Well, I find Lumariver easy because I went down the rabbit hole and I pulled myself out of it and gained the superpower of understanding what's going on, still, I didn't went down the rabbit hole of DCAMproof and all the coding stuff. It's way harder...

I wand a certain look in my edits too, in fact, unless I really need accurate colors for some project, I never deliver colors as seen in real life. Though, I really need to have a start on accurate colors before knowing where I want to be with colors, tones and contrast. I found my way though, with Lumariver, but so many people are confused because they like some cameras over the others in Lightroom RAW editing and that has nothing to do with the camera itself, but with how LR is interpreting the colors. I tested out dozens of WAR files with custom profiles. You can literally make any camera to have accurate colors and matching up all of them within 2-5% difference, some even less.

I never liked out of camera JPGs, and I never need the look of jpgs in LR, though, if I would pick one brand, Panasonic would be my choice of JPG color quality, and on top of that, the ability to use LUTs to have the look you want straight out of camera.
 
This might be rubbish but I get the feeling that more people use Lightroom to create a picture that was their artistic vision when they took the shot, rather than get accurate colour. And I think that Adobe works to that concept too. The Adobe Profiles start dull but are supposed to make the editing process predictable and easier to balance.
I understand what you say, if I choose Camera Landscape as my DCP the RAW is over saturated and needs pulling back, it makes editing harder not easier. It would be nice to have a better match to the Camera's jpeg but overall I prefer to be able to pull some highlights back or open up some shadows rather than actually use the Camera's Jpeg.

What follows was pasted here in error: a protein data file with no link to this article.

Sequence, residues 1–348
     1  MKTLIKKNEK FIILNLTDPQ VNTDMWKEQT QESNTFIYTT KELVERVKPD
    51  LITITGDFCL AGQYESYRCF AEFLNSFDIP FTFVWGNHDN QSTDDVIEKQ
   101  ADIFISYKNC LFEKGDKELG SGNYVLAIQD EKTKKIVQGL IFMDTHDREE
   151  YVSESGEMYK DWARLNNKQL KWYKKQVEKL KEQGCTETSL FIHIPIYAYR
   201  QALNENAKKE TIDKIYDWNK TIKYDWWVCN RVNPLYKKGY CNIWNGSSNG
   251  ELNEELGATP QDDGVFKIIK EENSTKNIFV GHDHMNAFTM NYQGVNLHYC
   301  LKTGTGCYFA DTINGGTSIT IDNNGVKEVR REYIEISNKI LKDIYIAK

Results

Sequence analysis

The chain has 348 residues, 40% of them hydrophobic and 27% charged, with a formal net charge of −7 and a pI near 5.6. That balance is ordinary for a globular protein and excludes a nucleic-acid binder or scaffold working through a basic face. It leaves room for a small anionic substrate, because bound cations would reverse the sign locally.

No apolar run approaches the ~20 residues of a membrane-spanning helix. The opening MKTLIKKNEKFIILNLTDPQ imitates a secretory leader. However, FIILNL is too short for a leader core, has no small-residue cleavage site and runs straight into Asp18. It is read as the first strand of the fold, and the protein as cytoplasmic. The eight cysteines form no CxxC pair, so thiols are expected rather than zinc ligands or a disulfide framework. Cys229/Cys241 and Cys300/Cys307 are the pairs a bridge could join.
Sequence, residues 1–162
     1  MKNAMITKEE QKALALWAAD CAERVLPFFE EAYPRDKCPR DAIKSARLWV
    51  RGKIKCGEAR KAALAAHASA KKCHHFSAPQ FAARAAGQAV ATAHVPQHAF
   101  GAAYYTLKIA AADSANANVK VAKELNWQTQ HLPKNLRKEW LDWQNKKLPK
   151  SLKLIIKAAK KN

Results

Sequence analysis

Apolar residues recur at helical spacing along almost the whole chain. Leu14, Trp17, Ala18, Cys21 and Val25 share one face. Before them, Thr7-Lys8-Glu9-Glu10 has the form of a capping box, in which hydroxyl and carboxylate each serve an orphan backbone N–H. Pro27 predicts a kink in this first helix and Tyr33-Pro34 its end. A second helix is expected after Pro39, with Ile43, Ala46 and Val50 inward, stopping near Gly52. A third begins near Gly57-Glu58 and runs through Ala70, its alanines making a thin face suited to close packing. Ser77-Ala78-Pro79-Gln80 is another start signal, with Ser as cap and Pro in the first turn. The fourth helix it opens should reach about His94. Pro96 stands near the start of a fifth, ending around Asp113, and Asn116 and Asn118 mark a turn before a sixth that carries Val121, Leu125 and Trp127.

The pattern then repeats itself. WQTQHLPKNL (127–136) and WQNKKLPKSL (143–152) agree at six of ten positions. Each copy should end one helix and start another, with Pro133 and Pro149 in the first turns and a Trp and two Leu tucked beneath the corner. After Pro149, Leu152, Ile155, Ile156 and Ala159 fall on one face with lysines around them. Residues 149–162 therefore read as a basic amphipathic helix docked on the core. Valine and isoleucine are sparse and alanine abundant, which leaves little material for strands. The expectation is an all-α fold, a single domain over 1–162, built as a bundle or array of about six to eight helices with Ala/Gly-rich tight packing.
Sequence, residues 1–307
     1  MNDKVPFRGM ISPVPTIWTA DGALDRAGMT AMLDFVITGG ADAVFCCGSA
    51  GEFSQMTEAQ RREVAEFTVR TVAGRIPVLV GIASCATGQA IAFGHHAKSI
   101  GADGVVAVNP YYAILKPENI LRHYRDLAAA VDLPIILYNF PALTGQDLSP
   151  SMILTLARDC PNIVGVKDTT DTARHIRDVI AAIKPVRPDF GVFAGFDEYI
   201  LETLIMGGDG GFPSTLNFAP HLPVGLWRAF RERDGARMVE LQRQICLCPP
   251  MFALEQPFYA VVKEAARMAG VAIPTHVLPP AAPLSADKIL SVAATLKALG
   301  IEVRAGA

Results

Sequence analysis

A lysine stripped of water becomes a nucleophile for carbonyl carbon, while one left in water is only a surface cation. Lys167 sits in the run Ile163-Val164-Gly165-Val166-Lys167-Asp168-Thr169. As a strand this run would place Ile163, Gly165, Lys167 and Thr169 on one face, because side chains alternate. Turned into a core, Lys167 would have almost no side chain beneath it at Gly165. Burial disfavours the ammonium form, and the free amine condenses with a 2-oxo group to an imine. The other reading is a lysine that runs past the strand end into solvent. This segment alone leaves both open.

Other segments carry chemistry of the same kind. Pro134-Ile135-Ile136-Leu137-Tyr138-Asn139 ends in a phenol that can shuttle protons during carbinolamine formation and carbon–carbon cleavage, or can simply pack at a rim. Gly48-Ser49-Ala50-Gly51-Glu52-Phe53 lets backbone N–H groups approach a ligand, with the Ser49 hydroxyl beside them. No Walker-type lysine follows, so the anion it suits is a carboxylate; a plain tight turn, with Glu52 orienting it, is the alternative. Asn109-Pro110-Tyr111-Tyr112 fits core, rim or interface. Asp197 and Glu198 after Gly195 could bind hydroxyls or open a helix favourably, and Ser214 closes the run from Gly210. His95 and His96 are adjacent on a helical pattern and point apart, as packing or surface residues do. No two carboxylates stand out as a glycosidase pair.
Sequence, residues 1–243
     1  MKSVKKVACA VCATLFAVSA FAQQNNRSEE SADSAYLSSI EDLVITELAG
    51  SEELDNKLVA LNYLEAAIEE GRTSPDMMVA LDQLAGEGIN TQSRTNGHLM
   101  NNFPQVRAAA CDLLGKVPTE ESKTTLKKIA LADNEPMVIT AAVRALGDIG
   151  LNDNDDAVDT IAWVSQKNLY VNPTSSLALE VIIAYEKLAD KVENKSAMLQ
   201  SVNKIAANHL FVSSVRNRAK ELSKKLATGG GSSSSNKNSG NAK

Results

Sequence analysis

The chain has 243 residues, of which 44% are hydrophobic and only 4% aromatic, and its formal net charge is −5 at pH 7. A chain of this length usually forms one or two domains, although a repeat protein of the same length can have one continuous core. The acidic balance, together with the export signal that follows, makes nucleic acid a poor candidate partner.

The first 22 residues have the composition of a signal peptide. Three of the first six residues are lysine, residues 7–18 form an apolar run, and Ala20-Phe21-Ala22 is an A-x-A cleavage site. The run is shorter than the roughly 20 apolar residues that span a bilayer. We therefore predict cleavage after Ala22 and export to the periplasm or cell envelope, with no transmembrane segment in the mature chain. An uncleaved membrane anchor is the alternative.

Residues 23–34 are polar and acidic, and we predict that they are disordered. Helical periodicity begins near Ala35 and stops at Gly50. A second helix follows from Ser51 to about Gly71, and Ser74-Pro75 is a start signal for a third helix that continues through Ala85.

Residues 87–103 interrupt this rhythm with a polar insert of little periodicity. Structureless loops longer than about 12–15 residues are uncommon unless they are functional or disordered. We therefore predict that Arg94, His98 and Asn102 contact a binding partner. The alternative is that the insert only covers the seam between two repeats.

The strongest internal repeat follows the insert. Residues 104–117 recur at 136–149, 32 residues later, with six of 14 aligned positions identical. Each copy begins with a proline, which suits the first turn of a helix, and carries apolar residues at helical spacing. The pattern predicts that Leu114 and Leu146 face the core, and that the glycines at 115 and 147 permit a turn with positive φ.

I'll admit to only having a sketchy understanding of how Camera Profiles work but 10 minutes reading on the Lumariver website certainly didn't make me think "this is easy".

Every time I think I understand Color Management from InDesign to PDF to Inkjet/Toner/Litho something will surprise you.

It may just be that you haven't been deep enough in your rabbit hole to realise you're in one :unsure::)
Despite not clear on the acronym DCP, I agree with the points you make in para, 1. Once upon a time, the gold standard was to have the camera produce colour card accurate images. I think this was the purpose of Adobe Standard. It seems times have moved on and the preference is to create something closer to the photographer's "artistic vision" as you call it, rather than reality which, let's face it, is often rather uninspiring... thus Adobe Color".